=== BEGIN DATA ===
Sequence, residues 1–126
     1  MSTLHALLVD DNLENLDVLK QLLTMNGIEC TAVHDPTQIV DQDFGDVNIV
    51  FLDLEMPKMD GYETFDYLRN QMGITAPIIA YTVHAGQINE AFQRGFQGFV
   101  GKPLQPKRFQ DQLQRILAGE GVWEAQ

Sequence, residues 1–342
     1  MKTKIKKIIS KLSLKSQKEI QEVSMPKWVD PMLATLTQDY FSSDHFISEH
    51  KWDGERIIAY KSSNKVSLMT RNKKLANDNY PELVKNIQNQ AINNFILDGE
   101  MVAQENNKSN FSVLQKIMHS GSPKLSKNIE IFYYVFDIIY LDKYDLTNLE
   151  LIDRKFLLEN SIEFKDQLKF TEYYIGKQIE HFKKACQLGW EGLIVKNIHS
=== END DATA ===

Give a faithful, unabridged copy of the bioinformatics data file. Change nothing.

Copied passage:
Sequence, residues 1–126
     1  MSTLHALLVD DNLENLDVLK QLLTMNGIEC TAVHDPTQIV DQDFGDVNIV
    51  FLDLEMPKMD GYETFDYLRN QMGITAPIIA YTVHAGQINE AFQRGFQGFV
   101  GKPLQPKRFQ DQLQRILAGE GVWEAQ

Sequence, residues 1–342
     1  MKTKIKKIIS KLSLKSQKEI QEVSMPKWVD PMLATLTQDY FSSDHFISEH
    51  KWDGERIIAY KSSNKVSLMT RNKKLANDNY PELVKNIQNQ AINNFILDGE
   101  MVAQENNKSN FSVLQKIMHS GSPKLSKNIE IFYYVFDIIY LDKYDLTNLE
   151  LIDRKFLLEN SIEFKDQLKF TEYYIGKQIE HFKKACQLGW EGLIVKNIHS